It affects me in all areas of my life. My current partner (who I am in the process of a breakup with) doesn’t understand and I hear ALL of the things on thee ’10 things NOT to say’ This lack of empathy and understanding is a huge part of our issues.

    Reply
    • Carrie Leigh Sandoval says:

      Thank you Kelly. It does affect everything…there is a way to talk to people that can either open them up or shut them down. If I can’t feel (because I’m a feeler) that someone genuinely cares, I won’t talk to them. Same is true of the kids I work with. The communication piece is huge.

      Reply
  2. Andrea Wisden says:

    Hi Carrie. I love the empowerment I can feel from this post. The way you have embraced the label of your illness and made it something positive for you is brilliant. I love it! It’s so important to talk about mental illnesses; until people understand them better, then there will always be fear and ignorance; let’s replace that with love, compassion and understanding. I agree that it is far healthier to embrace whatever emotion you happen to be feeling at the time. When we try to bury something, deny we’re feeling it, or that it’s even there, we are denying a piece of ourselves. Bring it all out into the light of awareness, acknowledge it, and even better if possible, love it. Love that bit of yourself you’ve judged unlovable. It’s where the magic lives. Love to you on your journey. Andrea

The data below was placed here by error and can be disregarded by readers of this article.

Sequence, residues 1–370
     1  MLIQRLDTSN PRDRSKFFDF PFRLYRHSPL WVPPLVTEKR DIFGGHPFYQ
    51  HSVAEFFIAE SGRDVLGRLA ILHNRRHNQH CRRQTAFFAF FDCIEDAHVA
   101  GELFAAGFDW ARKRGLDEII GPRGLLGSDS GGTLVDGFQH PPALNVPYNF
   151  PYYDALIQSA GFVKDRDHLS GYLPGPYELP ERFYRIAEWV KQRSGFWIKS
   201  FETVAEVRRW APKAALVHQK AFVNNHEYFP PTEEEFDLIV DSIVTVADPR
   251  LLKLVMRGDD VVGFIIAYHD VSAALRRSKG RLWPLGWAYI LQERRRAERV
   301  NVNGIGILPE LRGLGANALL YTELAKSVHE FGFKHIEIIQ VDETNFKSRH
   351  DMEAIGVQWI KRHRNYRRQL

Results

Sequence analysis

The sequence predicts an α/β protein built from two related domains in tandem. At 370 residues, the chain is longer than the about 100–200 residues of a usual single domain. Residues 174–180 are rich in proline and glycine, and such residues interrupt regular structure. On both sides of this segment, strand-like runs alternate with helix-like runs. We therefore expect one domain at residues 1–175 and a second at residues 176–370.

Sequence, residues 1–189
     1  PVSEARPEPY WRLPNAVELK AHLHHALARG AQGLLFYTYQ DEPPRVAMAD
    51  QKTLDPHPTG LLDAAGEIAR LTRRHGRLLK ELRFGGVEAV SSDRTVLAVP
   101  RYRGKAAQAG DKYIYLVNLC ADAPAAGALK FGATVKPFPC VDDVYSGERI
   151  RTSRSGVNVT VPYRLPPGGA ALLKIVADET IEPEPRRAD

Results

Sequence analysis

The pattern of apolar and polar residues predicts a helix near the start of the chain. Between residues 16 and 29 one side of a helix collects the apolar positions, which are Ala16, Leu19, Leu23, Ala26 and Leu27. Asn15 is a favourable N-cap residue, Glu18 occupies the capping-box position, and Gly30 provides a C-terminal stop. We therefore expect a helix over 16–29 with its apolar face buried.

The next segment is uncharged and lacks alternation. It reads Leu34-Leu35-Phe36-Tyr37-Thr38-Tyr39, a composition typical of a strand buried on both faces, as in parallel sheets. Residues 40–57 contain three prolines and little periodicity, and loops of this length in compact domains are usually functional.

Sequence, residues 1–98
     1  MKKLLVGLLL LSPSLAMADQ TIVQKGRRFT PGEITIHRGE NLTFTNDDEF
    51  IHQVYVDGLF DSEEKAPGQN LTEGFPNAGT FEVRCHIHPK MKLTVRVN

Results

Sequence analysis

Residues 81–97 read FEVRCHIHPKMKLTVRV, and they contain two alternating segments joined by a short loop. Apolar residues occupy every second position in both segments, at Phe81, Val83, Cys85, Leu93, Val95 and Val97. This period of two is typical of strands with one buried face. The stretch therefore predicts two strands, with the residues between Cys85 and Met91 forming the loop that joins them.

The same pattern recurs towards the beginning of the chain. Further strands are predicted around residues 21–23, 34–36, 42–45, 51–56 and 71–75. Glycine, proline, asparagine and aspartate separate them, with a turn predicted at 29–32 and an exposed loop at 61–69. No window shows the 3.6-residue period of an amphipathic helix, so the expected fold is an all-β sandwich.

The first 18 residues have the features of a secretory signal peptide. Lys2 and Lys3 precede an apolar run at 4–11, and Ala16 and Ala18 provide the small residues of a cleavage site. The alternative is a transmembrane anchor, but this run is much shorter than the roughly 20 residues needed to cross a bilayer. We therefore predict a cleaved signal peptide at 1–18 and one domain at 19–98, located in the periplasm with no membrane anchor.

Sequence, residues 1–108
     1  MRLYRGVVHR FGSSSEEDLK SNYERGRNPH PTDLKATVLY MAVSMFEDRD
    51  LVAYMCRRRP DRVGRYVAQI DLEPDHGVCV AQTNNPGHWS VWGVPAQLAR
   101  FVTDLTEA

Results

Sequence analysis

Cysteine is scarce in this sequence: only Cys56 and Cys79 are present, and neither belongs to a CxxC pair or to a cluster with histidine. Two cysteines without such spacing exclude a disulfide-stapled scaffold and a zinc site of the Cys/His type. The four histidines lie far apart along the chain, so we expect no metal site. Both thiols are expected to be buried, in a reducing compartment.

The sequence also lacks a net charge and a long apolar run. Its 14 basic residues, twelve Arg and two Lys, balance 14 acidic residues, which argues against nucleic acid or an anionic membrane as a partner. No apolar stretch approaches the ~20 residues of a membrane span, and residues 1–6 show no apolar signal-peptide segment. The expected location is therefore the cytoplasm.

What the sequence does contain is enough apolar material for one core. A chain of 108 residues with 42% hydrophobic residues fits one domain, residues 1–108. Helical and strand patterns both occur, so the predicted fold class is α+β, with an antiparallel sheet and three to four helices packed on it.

Reply
    • Carrie Leigh Sandoval says:

      Thank you so much for your comment Andrea. I feel like I don’t have the words right now to express my gratitude for everything you said. Refreshed, relieved and connected come to mind. 🙂 Thank you again!

      Reply
  3. Robert James Collier says:

    This is a beautiful post, CarrieLeigh.

    As you’re aware, I’m completely in agreement with you that the topic of mental illness needs to be taken seriously and discussed more openly. It’s beautiful to me that by saying you have borderline personality disorder, it sets you free. How remarkable… What a revelation. And the ability to be comfortable in your own skin with something so seemingly “negative” but, in fact, you’ll flipped that around and made yourself more powerful through acceptance. That really made me smile, and it also confirmed why sharing these thoughts with negative stigmas associated with them makes us feel so free and humbled.

    I admire you for dedicating your life to this cause. I’m grateful to come across people such as yourself, and I wish you all the best.

    As you shared with me, I’ll share with you a post you may like: practicalidealist.net/depression-f-ing-sucks

    Thank you for sharing this with me.

    All the best,

    Robert James Collier

    Reply
    • Carrie Leigh Sandoval says:

      Thank you Robert. I can’t tell you how relieved I was when I read your post and I’m going to go read the one you just shared now! Sharing so much is downright terrifying sometimes, but the world (and especially the younger generation) need to see that we are willing to talk about mental illness. And not just talk about it, but accept and embrace it.

      Reply